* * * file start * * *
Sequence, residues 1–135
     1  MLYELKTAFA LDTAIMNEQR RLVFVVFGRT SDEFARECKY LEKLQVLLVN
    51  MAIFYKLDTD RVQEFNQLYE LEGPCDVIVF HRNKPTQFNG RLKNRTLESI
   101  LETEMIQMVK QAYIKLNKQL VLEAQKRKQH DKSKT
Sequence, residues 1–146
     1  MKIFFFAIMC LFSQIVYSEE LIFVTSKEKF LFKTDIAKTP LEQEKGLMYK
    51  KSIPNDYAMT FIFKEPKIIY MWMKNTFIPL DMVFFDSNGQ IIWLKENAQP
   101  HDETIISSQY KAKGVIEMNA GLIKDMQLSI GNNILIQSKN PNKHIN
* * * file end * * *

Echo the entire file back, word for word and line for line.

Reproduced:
Sequence, residues 1–135
     1  MLYELKTAFA LDTAIMNEQR RLVFVVFGRT SDEFARECKY LEKLQVLLVN
    51  MAIFYKLDTD RVQEFNQLYE LEGPCDVIVF HRNKPTQFNG RLKNRTLESI
   101  LETEMIQMVK QAYIKLNKQL VLEAQKRKQH DKSKT
Sequence, residues 1–146
     1  MKIFFFAIMC LFSQIVYSEE LIFVTSKEKF LFKTDIAKTP LEQEKGLMYK
    51  KSIPNDYAMT FIFKEPKIIY MWMKNTFIPL DMVFFDSNGQ IIWLKENAQP
   101  HDETIISSQY KAKGVIEMNA GLIKDMQLSI GNNILIQSKN PNKHIN